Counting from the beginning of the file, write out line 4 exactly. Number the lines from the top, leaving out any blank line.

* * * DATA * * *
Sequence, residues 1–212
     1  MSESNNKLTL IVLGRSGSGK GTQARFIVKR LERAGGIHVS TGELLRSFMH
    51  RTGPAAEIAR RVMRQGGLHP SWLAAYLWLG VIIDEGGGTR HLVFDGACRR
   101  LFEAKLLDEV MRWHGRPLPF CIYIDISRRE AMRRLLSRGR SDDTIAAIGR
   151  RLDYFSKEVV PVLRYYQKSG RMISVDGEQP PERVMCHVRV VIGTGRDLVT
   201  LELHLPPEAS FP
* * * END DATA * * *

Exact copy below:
   101  LFEAKLLDEV MRWHGRPLPF CIYIDISRRE AMRRLLSRGR SDDTIAAIGR